jm + chat   8

Fraandship
Manish is definitely aware of how he and his other fraandship-seekers are perceived by Western women. But he says, “It’s a difficult problem to solve because men speaking to women they aren’t married to — or who aren’t in their families — isn’t usually allowed.” In fact, he later tells me that he’s spoken to very few women in his life, and that the internet has finally allowed him and others like him to speak to women without being worried about their parents or family finding out.

It’s this inexperience with women that leaves them defaulting to what they know best: “What we see in movies, [especially] Western movies.”

“We think if we talk about sex, or we try to act like people we see in films, we will be like them,” Manish explains. “So then, we get [upset] and confused when we’re blocked, or when these girls don’t talk back to us.”

Still, Manish and his friends are undeterred. Blocked or not, rejected or not, they continue to spend hours on other people’s Facebook and Twitter profiles, imagining what their lives are like — and how those lives could be theirs one day. “I will still go to America, or maybe London!” he says as we finish up our Skype call. “Soon, I will go. I do not want to stay here. I want to see the world. By [talking] to you, I’m already doing that.”
fraandship  fraands  south-asia  india  pakistan  internet  chat  dms 
11 weeks ago by jm
SXSW 2018: A Look Back at the 1960s PLATO Computing System - IEEE Spectrum
Author Brian Dear on how these terminals were designed for coursework, but students preferred to chat and play games [...]

“Out of the top 10 programs on PLATO running any day, most were games,” Dear says. “They used more CPU time than anything else.” In one popular game called Empire, players blast each other’s spaceships with phasers and torpedoes in order to take over planets.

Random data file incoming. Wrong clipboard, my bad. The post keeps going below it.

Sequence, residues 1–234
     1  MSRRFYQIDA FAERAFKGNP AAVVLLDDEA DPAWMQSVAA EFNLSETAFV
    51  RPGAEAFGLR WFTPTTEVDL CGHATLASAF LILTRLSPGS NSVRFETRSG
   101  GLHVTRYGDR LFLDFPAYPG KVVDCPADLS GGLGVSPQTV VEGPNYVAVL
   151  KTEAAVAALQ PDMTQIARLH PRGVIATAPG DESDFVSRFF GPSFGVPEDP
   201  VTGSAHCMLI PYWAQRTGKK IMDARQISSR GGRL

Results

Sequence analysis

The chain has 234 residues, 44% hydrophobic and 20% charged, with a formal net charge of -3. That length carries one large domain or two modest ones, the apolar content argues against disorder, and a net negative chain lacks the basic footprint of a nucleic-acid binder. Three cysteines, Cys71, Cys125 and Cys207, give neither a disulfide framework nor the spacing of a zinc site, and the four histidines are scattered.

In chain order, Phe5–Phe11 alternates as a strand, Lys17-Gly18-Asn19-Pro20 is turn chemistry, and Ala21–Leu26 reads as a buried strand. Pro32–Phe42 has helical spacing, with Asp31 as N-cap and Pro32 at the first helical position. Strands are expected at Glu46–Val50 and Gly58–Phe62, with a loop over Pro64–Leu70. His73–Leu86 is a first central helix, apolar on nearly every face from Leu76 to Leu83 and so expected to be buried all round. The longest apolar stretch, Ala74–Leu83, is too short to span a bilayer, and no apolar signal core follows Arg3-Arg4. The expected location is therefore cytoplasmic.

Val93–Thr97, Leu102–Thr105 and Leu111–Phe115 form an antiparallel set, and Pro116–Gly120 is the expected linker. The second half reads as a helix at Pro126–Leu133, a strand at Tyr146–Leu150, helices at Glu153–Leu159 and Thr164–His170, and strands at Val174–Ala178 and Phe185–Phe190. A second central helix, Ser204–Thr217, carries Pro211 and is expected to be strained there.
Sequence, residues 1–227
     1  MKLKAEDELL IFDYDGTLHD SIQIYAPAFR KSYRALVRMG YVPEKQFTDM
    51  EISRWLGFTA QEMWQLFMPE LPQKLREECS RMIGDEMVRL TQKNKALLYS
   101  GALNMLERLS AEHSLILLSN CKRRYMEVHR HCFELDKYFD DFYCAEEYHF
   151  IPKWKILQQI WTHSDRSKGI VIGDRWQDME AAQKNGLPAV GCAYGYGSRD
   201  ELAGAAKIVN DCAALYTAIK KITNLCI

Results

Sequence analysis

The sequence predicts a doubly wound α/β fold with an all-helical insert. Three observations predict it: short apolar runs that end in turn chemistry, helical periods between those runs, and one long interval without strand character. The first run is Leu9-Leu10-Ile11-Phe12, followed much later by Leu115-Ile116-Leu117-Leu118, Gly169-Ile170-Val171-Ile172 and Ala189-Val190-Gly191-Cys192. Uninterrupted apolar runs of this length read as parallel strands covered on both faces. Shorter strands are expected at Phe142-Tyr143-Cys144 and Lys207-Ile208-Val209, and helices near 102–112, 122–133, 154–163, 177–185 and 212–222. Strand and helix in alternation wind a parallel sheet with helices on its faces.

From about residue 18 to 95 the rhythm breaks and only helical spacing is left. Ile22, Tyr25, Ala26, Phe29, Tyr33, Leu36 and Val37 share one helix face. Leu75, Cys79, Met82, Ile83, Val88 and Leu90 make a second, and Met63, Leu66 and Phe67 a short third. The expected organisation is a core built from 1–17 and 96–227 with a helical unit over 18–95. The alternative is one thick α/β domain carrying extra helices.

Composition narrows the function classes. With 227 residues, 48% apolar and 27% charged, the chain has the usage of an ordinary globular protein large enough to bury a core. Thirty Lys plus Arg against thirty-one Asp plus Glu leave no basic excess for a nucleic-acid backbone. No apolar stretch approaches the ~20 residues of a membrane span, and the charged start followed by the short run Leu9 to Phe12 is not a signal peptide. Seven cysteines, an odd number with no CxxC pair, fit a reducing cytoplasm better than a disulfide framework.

And PLATO had code review built into the OS:

Another helpful feature that no longer exists was called Term Comment. It allowed users to leave feedback for developers and programmers at any place within a program where they spotted a typo or had trouble completing a task.

To do this, the user would simply open a comment box and leave a note right there on the screen. Term Comment would append the comment to the user’s place in the program so that the recipient could easily navigate to it and clearly see the problem, instead of trying to recreate it from scratch on their own system.

“That was immensely useful for developers,” Dear says. “If you were doing QA on software, you could quickly comment, and it would track exactly where the user left this comment. We never really got this on the Web, and it’s such a shame that we didn’t.”
plato  computing  history  chat  empire  gaming  code-review  coding  brian-dear 
march 2018 by jm
Slack 103: Communication and culture
Interesting note on some emergent Slack communications systems using emoji: "redirect raccoon", voting, and "I'm taking a look at this"
slack  communications  emojis  emoji  online  talk  chat 
october 2017 by jm
Bots won't replace apps. Better apps will replace apps